Microsoft Adds jQuery IntelliSense to Visual Studio

Two months after stating its intent to support the open-source jQuery JavaScript library, Microsoft announces support for jQuery IntelliSense in Visual Studio and Visual Web Developer Express for application development. IntelliSense is Microsoft's implementation of auto-completion.

Microsoft has added jQuery IntelliSense support within Visual Studio 2008 and its free Visual Web Developer 2008 Express tool.

In a blog post Nov. 21, Scott Guthrie, a corporate vice president in the Microsoft Developer Division, said, "Over the last few weeks we've been working with the jQuery team to add great jQuery IntelliSense support" to the two Microsoft tools.

In September, Guthrie announced Microsoft's intent to support the open-source jQuery JavaScript library. "jQuery is a lightweight open-source JavaScript library (only 15KB in size) that in a relatively short span of time has become one of the most popular libraries on the Web," Guthrie wrote in a Sept. 28 post.

Guthrie said in the same post:

"I'm excited today to announce that Microsoft will be shipping jQuery with Visual Studio going forward. We will distribute the jQuery JavaScript library as-is, and will not be forking or changing the source from the main jQuery branch. The files will continue to use and ship under the existing jQuery MIT license."

IntelliSense is Microsoft's implementation of auto-completion, best known for its use in the Microsoft Visual Studio IDE (integrated development environment). In addition to completing the symbol names the programmer is typing, IntelliSense serves as documentation and disambiguation for variable names, functions and methods using reflection.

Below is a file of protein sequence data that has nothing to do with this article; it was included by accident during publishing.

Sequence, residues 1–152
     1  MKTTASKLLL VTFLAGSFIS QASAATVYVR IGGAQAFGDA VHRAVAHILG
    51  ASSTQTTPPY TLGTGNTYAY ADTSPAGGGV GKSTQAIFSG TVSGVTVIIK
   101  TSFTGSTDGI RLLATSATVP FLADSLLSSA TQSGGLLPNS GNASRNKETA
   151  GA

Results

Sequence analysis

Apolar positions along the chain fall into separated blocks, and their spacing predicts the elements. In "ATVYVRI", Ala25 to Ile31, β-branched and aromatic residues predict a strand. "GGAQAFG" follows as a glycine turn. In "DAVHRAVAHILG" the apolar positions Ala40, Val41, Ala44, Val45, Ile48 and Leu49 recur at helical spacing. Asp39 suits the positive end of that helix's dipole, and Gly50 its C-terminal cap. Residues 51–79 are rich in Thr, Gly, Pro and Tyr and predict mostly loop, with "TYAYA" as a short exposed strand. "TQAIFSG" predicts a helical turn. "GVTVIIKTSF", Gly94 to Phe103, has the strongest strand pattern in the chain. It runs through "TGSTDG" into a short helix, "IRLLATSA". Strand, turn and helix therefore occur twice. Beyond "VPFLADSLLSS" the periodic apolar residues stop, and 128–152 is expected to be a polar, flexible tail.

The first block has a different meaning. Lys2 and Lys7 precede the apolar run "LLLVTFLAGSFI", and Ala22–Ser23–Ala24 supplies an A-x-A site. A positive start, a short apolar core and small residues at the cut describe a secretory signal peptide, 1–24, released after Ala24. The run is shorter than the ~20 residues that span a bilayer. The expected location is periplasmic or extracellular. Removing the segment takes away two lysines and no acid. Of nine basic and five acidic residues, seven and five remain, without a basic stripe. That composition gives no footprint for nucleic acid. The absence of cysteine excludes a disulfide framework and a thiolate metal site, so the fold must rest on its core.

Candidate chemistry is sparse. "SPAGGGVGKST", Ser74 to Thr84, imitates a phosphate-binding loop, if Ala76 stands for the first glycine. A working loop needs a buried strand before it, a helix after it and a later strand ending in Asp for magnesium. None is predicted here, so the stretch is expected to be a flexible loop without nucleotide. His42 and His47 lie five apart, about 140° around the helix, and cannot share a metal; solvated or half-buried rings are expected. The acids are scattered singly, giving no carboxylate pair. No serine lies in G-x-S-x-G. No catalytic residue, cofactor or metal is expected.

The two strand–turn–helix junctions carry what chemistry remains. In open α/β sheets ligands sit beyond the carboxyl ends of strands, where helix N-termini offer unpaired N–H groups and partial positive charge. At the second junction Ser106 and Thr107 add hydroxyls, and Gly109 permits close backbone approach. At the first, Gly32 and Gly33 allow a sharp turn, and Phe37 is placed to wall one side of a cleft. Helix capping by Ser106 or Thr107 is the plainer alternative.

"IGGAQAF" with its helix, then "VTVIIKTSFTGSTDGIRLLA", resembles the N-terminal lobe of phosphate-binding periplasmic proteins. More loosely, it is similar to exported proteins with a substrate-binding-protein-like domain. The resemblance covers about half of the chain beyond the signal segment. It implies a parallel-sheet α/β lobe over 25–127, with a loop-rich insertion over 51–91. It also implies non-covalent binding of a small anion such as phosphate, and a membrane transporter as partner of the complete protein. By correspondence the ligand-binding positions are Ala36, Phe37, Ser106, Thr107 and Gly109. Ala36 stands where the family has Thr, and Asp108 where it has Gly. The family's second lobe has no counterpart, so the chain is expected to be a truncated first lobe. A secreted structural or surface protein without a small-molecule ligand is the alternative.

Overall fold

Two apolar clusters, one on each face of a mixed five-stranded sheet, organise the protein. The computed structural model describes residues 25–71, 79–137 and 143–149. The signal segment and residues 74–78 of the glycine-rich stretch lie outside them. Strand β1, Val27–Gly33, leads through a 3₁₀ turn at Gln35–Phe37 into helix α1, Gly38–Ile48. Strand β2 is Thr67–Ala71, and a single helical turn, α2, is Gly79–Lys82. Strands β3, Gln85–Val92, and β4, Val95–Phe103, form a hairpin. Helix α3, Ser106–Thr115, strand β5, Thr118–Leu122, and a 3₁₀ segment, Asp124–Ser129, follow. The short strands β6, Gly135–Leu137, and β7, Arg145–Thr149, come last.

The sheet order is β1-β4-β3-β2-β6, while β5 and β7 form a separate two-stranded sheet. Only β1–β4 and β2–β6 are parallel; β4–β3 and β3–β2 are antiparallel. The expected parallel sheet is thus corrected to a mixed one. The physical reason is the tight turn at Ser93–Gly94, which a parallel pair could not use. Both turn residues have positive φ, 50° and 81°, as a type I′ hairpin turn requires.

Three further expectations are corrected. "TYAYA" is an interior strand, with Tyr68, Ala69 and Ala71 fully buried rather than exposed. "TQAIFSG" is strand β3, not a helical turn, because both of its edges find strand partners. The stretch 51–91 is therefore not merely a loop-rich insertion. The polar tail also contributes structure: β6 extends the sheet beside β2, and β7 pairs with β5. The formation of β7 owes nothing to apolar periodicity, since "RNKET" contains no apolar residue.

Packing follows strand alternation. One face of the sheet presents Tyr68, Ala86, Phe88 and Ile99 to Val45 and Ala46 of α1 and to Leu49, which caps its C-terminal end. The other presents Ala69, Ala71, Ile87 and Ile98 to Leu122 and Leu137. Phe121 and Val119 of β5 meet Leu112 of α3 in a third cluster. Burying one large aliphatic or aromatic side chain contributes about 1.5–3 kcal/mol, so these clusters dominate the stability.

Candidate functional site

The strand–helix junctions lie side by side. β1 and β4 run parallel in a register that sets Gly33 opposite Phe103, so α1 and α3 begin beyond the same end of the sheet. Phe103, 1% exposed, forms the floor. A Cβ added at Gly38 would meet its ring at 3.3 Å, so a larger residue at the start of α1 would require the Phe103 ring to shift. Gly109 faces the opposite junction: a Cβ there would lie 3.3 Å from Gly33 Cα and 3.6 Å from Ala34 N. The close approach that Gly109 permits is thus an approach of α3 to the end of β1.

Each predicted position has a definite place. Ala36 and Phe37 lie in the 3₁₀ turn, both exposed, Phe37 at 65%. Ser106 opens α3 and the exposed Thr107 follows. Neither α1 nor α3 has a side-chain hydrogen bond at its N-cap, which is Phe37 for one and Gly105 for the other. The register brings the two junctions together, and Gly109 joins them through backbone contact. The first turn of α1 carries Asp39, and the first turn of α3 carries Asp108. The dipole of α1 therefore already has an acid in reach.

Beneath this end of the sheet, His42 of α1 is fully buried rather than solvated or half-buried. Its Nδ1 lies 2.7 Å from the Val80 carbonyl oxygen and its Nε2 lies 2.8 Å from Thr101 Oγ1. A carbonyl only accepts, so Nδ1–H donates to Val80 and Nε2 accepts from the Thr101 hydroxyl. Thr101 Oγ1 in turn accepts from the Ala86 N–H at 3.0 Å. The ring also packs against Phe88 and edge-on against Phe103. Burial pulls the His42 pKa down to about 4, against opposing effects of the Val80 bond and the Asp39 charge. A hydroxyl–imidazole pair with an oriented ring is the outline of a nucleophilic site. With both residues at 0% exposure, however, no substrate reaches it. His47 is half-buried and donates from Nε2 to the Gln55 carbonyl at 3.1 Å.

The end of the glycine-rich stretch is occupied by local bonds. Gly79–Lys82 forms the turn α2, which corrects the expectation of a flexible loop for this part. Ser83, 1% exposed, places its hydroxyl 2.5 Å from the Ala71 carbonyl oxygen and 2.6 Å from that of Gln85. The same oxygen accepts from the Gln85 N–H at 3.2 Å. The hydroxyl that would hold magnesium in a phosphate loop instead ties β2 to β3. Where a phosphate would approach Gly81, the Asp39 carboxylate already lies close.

The jQuery IntelliSense annotation support will be available as a free Web download.

Guthrie said a big part of the appeal of jQuery is that it allows you to elegantly and efficiently find and manipulate HTML elements with minimum lines of code.

"jQuery is a fantastic library, and something we think can really benefit ASP.NET and ASP.NET AJAX developers," Guthrie said. "We are looking forward to having it work great with Visual Studio and ASP.NET, and to help bring it to an even larger set of developers."

When Microsoft initially pledged to support jQuery, John Resig, the creator of jQuery, said, "Microsoft is looking to make jQuery part of their official development platform. Their JavaScript offering today includes the ASP.NET AJAX Framework, and they're looking to expand it with the use of jQuery. This means that jQuery will be distributed with Visual Studio (which will include jQuery IntelliSense, snippets, examples and documentation)."